Fast forward to 2013 and I was home after finishing my masters in public policy in Europe where I specialised in governance and democracy. I’d spent a couple of years thinking, studying and researching about institutional models and theories of change across a range of social justice issues. I caught up with Ian Darling who had always been a friend and mentor to me, and we started chatting about The Oasis and all that had been achieved. The Caledonia Foundation had supported the establishment of the Documentary Australia Foundation, but what was missing was the big strategic investment to support outstanding documentaries and the impact campaigns to shift the dial on a whole range of social justice issues that we cared about.
Ian told me to have a look at this Good Pitch model, and I was really excited about the idea. He was generous enough to back me as the founding executive director, and so began a pretty incredible chapter of my career.
Why do you think documentaries have become such an important way to elevate different social issues?
The power of a Good Pitch project was to connect documentary filmmakers with a diversity of partnerships that could really elevate and project those documentaries to the world. Sometimes it was finding partners who could help us to reach the right audiences – decision-makers or community members – that could gain new insight into an issue, be persuaded to think or behave differently or respond to a problem in a different way as a result of seeing the films. No one thought about so-called “healthy food” and sugar in quite the same way after seeing That Sugar Film, for example.
Research has also shown that people are looking to documentaries as a way to provide in-depth insight and information on a range of issues. When the debate is so polarising, I think some of the best documentaries navigate the grey and discover a more profound truth somewhere in between.
Good Pitch Australia has found great success since it started in 2014, what would you put that down to?
We’re ambitious and highly strategic. Our philanthropic partners responded to that ambition, supported us and gave us the tools and resources to really deliver. It wasn’t just the philanthropic partners it was the fusion of those documentaries with a diversity of partners – NGOs, educators, corporates, policymakers, broadcasters… everybody has something entirely different to bring to the table. An NGO might have incredible expertise generated over 30 years of working on an issue. Their insight might help hone and craft the film and campaign, whereas someone else might have a network of 100,000 people who can then share and promote the documentary, while others might be able to contribute financial resources.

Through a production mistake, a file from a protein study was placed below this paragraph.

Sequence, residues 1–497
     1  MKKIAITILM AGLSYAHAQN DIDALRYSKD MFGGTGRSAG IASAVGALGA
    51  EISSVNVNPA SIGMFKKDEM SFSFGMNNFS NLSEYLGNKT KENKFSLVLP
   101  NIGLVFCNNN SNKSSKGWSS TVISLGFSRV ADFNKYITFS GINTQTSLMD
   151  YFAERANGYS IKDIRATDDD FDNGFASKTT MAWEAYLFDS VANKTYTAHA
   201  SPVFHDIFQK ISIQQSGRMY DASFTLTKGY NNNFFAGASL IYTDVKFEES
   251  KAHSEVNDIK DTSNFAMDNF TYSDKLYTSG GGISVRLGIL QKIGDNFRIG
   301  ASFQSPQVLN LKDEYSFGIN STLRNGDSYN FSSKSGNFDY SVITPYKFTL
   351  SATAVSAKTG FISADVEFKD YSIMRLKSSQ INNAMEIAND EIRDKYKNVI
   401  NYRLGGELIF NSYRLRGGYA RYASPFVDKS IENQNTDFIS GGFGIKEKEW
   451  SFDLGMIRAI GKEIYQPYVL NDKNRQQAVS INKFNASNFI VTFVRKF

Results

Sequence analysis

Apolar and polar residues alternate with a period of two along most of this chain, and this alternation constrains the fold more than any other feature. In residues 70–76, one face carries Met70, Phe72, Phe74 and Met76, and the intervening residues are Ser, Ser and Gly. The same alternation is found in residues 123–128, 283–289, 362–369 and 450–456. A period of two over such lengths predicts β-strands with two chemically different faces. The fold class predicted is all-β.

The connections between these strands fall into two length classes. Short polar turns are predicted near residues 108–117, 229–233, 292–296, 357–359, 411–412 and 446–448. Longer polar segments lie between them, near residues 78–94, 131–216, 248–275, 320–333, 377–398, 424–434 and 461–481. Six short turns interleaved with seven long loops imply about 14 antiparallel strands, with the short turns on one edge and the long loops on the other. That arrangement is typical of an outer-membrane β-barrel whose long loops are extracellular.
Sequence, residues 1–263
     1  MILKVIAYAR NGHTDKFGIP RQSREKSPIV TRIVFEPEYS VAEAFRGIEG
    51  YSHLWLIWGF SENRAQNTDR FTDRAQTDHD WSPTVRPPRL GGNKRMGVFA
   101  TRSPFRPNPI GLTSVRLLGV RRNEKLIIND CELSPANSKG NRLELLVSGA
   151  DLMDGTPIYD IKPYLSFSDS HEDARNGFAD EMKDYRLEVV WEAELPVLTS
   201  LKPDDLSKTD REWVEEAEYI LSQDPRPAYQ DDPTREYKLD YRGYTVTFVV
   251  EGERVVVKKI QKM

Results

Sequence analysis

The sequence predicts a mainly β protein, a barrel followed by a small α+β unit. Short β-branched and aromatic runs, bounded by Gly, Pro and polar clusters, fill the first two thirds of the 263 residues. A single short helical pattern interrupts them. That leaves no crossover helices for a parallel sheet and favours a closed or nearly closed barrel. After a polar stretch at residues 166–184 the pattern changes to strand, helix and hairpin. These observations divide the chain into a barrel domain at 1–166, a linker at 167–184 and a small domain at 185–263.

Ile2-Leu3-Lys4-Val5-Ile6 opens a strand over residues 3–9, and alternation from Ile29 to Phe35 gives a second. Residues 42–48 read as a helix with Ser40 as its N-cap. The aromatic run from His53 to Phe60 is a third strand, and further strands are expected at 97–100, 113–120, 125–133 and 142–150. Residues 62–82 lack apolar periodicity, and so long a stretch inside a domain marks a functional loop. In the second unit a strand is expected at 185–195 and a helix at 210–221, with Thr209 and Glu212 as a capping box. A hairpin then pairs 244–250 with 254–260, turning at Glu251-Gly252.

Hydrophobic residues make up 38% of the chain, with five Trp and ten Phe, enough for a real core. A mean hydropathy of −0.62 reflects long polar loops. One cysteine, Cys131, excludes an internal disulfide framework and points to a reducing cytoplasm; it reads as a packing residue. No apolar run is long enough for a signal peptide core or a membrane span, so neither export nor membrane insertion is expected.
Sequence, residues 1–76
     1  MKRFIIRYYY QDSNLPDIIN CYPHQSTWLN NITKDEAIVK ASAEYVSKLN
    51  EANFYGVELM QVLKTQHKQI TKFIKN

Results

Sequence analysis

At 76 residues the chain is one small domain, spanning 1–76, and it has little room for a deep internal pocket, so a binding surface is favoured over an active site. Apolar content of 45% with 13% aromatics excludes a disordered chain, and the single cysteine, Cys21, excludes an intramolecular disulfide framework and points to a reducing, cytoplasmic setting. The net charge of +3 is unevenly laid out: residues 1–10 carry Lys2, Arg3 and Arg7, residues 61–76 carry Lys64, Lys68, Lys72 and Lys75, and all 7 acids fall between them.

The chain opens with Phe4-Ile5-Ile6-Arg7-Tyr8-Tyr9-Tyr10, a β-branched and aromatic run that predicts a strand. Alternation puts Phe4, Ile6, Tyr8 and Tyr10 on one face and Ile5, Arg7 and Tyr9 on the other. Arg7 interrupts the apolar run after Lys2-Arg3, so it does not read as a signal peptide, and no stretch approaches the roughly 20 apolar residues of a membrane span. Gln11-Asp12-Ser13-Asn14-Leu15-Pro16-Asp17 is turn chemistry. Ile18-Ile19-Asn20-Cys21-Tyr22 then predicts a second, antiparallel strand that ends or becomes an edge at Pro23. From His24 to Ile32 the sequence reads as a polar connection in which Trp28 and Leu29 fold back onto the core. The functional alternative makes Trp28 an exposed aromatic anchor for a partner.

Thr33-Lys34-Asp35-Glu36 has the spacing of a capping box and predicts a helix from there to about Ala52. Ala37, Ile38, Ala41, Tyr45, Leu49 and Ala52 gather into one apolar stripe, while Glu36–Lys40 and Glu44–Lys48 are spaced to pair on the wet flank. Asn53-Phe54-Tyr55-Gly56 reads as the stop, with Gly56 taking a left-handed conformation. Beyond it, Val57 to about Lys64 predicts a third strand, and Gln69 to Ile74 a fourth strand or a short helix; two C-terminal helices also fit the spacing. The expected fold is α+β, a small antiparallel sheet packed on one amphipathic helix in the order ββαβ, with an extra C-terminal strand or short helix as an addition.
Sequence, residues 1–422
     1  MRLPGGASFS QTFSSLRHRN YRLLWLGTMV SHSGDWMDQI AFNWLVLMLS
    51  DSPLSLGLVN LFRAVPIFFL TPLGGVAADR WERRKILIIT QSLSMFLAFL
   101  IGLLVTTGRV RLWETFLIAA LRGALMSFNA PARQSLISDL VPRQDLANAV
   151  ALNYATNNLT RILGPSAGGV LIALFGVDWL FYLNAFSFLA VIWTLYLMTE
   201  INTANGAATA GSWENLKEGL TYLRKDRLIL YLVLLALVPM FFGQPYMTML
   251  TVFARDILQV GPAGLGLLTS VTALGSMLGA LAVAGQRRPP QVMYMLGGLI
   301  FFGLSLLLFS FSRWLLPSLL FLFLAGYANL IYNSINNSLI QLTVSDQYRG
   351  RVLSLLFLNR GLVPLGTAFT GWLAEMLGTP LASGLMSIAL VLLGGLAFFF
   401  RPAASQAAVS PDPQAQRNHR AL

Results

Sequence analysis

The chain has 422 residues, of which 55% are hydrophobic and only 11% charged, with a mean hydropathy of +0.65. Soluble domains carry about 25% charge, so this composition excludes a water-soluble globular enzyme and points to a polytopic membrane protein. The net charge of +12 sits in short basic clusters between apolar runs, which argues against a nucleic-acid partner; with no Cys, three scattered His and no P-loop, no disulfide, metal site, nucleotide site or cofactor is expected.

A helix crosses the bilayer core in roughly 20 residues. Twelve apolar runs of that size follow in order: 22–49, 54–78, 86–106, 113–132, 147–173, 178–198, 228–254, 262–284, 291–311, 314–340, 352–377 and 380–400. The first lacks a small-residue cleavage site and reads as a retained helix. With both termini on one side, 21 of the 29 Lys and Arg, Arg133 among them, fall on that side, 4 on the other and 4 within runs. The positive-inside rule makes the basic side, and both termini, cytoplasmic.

What would you say you want to achieve in your career?
Throughout my career I’ve had the privilege of working in a range of different arenas from international development to corporate, politics to philanthropy, and I’ve always searched for where I can have the greatest impact. What I learned was that in each one of those arenas you have very different tools at your disposal in terms of power or leverage or resources.
What I love about the Good Pitch model is that it actually brings all those parties together and puts powerful documentary stories at the centre. The stories are the glue between them. The campaigns have proved time and time again what we all know to be true, that together we are actually more powerful. For me, working with documentaries and storytelling for social impact is exactly my sweet spot.
How would you say working in this space has changed your outlook on the world?
It’s made me really hopeful for the future. Part of the joy in my job is that I meet the most incredible people in Australia, and then I get to connect them to each other. I believe that coordinating and building networks and a community of practice between storytellers, advocates and people who are actually working with great intention on improving things or changing them is enormously powerful.
You can definitely have dark days, especially when you start pondering the fragility of our democracy, and the existential crisis that is climate change, and the multitude of injustice that sits in our society. The hope for me is in knowing the great people who really have their shoulder to the wheel, working to change society, and being able to link arms with them.